Renowned micro sculptor Willard Wigan MBE has revealed his latest artwork as he joins forces with Guide Dogs this October to support our annual Guide Dogs Appeal. The incredible sculpture shows a miniature guide dog puppy about the size of a full stop sitting in the eye of a needle.
It took Willard 16-18 hours a day over a two-month period to create, using gaps between his own heartbeat. Willard produced the puppy sculpture using a broken piece of porcelain dinner plate mounted in the eye of the needle, chipping away at it with a minute piece of diamond and painted using an eyelash. The whiskers are made from the fibres that can be seen floating in the rays of sunlight.
Willard’s own personal journey with autism inspired him to show that it's sometimes the small things that matter. The tiny sculpture has been named Daniel after a Guide Dogs fundraiser he met in a coffee shop.
Willard said: “I was so motivated and moved by what Daniel was saying about helping and supporting visually impaired people, how this resonated with my own story of feeling unseen and my work needing optical help to be able to make it and view it, I knew that I just had to partner with them and create a tiny micro sculpture as a homage to all their hard work and shine a light onto this amazing charity.”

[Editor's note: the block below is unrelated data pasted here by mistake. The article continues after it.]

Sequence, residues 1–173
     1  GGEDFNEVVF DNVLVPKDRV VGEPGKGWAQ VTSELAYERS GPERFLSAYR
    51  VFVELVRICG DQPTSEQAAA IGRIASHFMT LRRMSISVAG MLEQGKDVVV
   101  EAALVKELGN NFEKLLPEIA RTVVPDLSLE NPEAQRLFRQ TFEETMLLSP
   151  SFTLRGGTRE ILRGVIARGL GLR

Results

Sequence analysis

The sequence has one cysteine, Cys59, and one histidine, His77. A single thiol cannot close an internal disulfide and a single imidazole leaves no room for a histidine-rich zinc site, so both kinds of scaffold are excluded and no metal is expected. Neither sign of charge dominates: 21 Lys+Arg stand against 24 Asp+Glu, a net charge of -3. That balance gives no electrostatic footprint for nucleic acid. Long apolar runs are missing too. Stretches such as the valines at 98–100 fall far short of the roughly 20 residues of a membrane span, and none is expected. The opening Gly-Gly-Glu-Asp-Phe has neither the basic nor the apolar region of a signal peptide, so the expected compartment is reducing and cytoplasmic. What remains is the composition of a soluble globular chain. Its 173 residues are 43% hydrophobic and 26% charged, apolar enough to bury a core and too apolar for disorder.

“It's sometimes the small things that matter the most and can leave the biggest impact on our lives. Just because you can't see it, doesn't mean you can't feel it, or be inspired by it.”
Willard Wigan MBE
The work of art is available to buy for one lucky collector with 100% of proceeds going to the charity as part of the Guide Dogs Appeal. You can find out more here. A real-life puppy Daniel (pictured above) has also been named in honour of Willard’s amazing sculpture and will one day go on to change the life of someone living with sight loss.
As part of Guide Dogs Appeal which kicks off this month, the charity is also urging supporters to help ‘bake’ a difference for people living with sight loss.
Pam White, National Community Fundraising Campaigns Manager said: “Since last year's Guide Dogs Appeal, around 100,000 more people in the UK have been told they will lose their sight. So, if you love to bake or simply eat cake, you could be the secret fundraising ingredient we need to help change lives. Big or small, every cake you bake makes a difference - together we can help children and adults with a vision impairment live the life they choose.”
Guide Dogs has commissioned research and created matchmaking profiles to highlight our Puppy Raiser programme, where dog lovers can provide a loving home to a puppy for 12-16 months.
Guide Dogs’ Canine Science Team is trialling a new way of understanding puppy personalities. The project, called Puppy Cognition, assesses a seven-week-old puppy’s reactions to a set series of games, objects and human interactions, called tasks.